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Prevent stroke from affecting your life

Time lost is brain lost'

It was in 2003 when Syracuse resident Joseph King, 64, experienced his first stroke. A second, more serious stroke occurred five years later in 2008.

Both landed him in a wheelchair as they affected his right leg and ability to walk. But each time, through support and specific treatment, he managed to get back on his feet with a cane.

After his stroke and hospitalization in 2008, King was admitted to The Brain Injury Center at St. Camillus. He spent more than four months rehabbing there. After his inpatient stay, he became a regular at St. Camillus' Adult Day Health Center. He's been there ever since. King said he has seen marked improvement since his initial visits.

His strokes, however, which were caused by hypertension, changed his life as he knew it. Having held a long-time career driving tractor-trailers long distance, he is no longer able to operate a vehicle. His speech, although coherent, is somewhat difficult to understand.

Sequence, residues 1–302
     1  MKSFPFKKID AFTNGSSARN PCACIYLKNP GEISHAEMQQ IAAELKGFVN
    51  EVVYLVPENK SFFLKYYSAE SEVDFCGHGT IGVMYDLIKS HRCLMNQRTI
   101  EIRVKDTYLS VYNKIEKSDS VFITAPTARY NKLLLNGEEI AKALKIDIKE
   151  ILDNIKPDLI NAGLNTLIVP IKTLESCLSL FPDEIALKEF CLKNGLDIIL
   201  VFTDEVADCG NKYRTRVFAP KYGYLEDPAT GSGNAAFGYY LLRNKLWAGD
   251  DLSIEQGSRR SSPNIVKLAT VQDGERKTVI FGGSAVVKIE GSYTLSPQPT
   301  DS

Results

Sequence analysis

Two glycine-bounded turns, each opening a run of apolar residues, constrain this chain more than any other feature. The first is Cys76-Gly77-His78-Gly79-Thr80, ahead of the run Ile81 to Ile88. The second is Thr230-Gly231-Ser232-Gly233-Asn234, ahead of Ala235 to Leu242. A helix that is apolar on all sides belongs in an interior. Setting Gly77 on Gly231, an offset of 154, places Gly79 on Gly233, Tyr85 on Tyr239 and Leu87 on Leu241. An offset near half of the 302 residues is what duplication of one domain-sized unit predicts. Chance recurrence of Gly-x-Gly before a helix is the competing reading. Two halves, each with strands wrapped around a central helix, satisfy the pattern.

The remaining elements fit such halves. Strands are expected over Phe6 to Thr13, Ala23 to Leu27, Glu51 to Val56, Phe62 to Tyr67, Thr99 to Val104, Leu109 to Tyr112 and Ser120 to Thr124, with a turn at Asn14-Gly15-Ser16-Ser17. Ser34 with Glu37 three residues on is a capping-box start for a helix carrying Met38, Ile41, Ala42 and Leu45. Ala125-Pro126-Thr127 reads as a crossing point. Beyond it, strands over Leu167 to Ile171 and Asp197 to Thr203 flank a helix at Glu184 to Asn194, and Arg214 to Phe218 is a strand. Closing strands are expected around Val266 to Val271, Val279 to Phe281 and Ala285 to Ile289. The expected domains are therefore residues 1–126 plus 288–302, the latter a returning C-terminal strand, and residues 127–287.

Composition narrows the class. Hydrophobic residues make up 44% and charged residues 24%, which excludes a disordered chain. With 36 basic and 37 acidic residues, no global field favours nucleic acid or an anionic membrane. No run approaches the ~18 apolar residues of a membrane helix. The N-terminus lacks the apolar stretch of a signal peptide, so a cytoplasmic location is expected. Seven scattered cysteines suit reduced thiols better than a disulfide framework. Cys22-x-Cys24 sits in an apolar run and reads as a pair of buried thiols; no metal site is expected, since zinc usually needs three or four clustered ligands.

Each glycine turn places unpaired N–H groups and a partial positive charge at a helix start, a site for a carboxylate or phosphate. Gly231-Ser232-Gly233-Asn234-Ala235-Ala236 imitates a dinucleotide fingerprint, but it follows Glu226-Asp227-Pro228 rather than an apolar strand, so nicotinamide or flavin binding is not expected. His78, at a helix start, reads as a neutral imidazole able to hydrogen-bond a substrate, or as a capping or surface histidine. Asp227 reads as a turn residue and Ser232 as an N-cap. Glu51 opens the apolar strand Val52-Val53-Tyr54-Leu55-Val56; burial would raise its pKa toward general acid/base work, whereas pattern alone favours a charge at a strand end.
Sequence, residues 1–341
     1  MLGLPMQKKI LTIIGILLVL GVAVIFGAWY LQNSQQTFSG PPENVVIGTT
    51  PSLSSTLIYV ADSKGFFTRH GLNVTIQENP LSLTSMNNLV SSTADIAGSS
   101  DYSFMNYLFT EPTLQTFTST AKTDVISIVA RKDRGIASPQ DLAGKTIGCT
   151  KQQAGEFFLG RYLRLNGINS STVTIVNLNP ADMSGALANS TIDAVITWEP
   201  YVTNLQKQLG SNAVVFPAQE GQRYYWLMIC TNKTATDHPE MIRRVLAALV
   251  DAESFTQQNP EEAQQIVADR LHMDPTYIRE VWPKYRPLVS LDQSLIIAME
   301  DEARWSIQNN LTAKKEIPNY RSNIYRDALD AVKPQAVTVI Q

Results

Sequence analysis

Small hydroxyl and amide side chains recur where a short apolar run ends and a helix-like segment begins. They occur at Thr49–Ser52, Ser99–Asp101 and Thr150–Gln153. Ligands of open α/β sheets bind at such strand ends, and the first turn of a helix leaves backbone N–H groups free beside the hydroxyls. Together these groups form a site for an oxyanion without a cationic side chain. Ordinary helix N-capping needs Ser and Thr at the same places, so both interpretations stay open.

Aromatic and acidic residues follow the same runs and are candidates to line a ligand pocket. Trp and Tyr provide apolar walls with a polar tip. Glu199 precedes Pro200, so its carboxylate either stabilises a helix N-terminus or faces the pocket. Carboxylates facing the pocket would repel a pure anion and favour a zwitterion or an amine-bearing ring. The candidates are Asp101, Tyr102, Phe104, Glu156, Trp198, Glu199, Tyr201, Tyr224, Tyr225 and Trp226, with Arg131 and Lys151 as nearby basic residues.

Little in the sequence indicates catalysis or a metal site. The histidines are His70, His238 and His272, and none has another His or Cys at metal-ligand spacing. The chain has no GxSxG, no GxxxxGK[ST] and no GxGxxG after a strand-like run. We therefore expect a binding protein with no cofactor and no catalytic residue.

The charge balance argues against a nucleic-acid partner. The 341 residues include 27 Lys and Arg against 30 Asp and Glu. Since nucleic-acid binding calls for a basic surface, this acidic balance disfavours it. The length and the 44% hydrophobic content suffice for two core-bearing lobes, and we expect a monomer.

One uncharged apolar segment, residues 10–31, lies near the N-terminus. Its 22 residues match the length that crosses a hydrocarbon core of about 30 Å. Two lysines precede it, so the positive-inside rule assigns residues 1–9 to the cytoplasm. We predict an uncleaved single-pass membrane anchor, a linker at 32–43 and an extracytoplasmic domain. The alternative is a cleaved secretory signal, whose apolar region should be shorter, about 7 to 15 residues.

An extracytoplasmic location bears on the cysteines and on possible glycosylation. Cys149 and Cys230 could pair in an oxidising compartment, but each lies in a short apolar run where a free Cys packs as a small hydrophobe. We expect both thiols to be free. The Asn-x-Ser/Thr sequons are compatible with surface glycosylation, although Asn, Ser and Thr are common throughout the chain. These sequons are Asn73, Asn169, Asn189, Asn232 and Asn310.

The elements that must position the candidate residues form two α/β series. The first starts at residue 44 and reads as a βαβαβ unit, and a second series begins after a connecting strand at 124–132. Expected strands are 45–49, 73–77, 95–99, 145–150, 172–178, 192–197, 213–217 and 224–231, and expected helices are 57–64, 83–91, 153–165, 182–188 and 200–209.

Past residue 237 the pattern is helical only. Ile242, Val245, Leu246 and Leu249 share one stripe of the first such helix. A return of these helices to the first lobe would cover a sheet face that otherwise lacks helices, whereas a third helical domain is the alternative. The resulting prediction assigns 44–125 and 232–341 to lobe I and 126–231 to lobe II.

King is one of the lucky ones. He is a stroke survivor, and through proper medical attention, and with the love and support of his wife Judyette, his nine children and his six stepchildren, he means it when he says, "It's all good."

March is National Brain Injury Awareness Month. Brain injuries don't discriminate. They can affect any one at any time and range from a concussion or stroke to injuries caused by a traumatic event. Over the next three weeks, The Eagle Bulletin will feature stories about brain injuries: the symptoms, the risk factors and prevention methods.

This week's focus is on strokes of which there are two types: ischemic or hemorrhagic. Ischemic stroke is a loss of blood flow to an area of the brain while hemorrhagic is bleeding in the brain. Eighty-seven percent of strokes are ischemic; 13 percent are hemorrhagic. Stroke is the leading cause of serious, long-term disability in the United States.

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